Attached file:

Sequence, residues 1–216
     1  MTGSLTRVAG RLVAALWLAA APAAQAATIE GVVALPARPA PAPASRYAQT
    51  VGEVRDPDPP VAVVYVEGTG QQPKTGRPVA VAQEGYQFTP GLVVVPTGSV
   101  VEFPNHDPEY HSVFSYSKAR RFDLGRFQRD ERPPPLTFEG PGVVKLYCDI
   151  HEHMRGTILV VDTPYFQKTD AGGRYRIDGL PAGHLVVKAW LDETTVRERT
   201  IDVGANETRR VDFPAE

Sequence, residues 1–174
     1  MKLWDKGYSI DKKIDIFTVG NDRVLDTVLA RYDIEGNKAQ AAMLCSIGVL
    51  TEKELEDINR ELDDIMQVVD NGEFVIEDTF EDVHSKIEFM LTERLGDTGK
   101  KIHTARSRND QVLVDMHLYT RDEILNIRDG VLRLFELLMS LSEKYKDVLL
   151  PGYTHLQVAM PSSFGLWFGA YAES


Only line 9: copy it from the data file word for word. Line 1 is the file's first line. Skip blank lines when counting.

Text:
    51  TEKELEDINR ELDDIMQVVD NGEFVIEDTF EDVHSKIEFM LTERLGDTGK